On a car or truck you have POWER braking systems completely with a fluid reservoir so that you can have very deep brake pads and as they wear down the fluid levels are renewed automatically. You don't have that on a bike so any wear on the brake pad shows up as level pull. It doesn't take long for the brake to bottom out against the bar. So you replace the pad to bring everything back to normal. Plus disk brakes have a hell of a lot more aero-drag. The TT bikes ALL use rim brakes.


Using tubeless tires has been an eye-opener to me. Wider, softer tires ride so much better that the old high pressure race tires we used to use seem silly now. The race teams are using tube tires instead of tubular and they are 26-27 mm wide. They are still getting a lot of flats because they are using those super low rolling resistance cotton ply tires that you could puncture with an evil look.


The long and the sort of it is that there are advances that are made to make the product better and others that aren't advances - only changes to help sell a new and "better" product. I have a couple of CX/gravel bikes and there is no question that good V-brakes have MUCH better modulation and only fractionally less power. And they don't squeal.

wow, that was a strange screed. you are way smarter than me, obviously, but I change my disc brake pads in about 3 minutes and I've found they last about 3k miles. I'm not too concerned about the extra second it takes me to remove my thru-axle. I've never had to replace brake pads due to brake levers bottoming out, I've only ever had to replace them due to being worn out. I'm not worried about the fraction of a watt that disc brakes may consume due to aero drag? I love my tubeless tires and even run them on my road bikes. It appears you have limited experience with disc brakes. I love them, but ride what you want.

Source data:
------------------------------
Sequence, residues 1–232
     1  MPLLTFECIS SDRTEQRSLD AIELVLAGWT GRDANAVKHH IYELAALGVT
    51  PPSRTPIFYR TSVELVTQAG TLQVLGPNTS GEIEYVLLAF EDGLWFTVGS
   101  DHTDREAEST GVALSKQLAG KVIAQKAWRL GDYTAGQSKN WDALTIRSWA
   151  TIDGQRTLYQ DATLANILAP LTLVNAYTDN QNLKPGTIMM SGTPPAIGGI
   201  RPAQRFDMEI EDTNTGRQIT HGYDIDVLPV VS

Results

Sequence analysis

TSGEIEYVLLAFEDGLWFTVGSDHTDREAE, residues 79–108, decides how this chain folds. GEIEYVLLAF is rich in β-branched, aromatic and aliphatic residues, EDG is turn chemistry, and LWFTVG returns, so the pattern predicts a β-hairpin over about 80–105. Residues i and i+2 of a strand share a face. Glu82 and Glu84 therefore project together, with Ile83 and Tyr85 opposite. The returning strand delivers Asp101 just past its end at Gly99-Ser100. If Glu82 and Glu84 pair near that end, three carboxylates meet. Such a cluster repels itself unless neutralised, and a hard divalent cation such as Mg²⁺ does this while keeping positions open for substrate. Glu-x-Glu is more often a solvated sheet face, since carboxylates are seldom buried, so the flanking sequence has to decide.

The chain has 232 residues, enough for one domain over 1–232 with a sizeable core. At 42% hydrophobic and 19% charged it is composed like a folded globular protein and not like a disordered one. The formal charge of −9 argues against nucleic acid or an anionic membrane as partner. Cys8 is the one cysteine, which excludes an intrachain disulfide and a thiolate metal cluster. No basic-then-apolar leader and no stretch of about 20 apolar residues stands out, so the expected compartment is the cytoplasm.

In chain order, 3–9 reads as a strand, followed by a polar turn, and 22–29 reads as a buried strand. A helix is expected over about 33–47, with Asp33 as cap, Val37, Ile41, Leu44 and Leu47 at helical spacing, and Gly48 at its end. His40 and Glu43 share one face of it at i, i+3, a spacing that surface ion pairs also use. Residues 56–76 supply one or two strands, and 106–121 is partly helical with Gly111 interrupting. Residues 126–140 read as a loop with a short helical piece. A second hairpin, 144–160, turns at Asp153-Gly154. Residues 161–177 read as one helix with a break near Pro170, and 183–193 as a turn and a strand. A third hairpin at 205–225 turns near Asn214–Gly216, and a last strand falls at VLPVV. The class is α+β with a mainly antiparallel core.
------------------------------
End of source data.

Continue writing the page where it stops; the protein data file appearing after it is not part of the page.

we better call the NIMH because DBDS is taking hold
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Old 08-21-18, 06:41 PM
  #156  
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Originally Posted by superpletch View Post
wow, that was a strange screed. you are way smarter than me, obviously, but I change my disc brake pads in about 3 minutes and I've found they last about 3k miles. I'm not too concerned about the extra second it takes me to remove my thru-axle. I've never had to replace brake pads due to brake levers bottoming out, I've only ever had to replace them due to being worn out. I'm not worried about the fraction of a watt that disc brakes may consume due to aero drag? I love my tubeless tires and even run them on my road bikes. It appears you have limited experience with disc brakes. I love them, but ride what you want.

we better call the NIMH because DBDS is taking hold
Everything you say is true. But people are telling us that they do it for superior performance. And you do not get that from disk brakes and oversized axles. As you say, what difference does it make? In the long run - none. I think that the tubeless tires were a good idea. I really like mine and I CAN tell a difference in rolling resistance and particularly on California's terrible roads.

I couldn't say how you can go 3,000 miles without the lever bottoming out but then I ride a LOT of hills. At the moment I almost have 100,000 ft of climbing this years in almost 3,000 miles. I missed out on several months of riding with eye surgery, dental work and then a month of rain. So I'm way behind. I rode the disk bike maybe 200 miles and had to replace the pads. Of course that is some pretty dramatic trails with up to 24% climbs and over 30% drops. Since a CX bike doesn't have any suspension you have to charge through a lot of stuff and grab a real handful of brakes before the next turn to do it all again. Maybe a disk road bike doesn't wear as fast. I don't wear out my rims or pads on the road bikes.
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Old 08-21-18, 08:37 PM
  #157  
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Originally Posted by Trevtassie View Post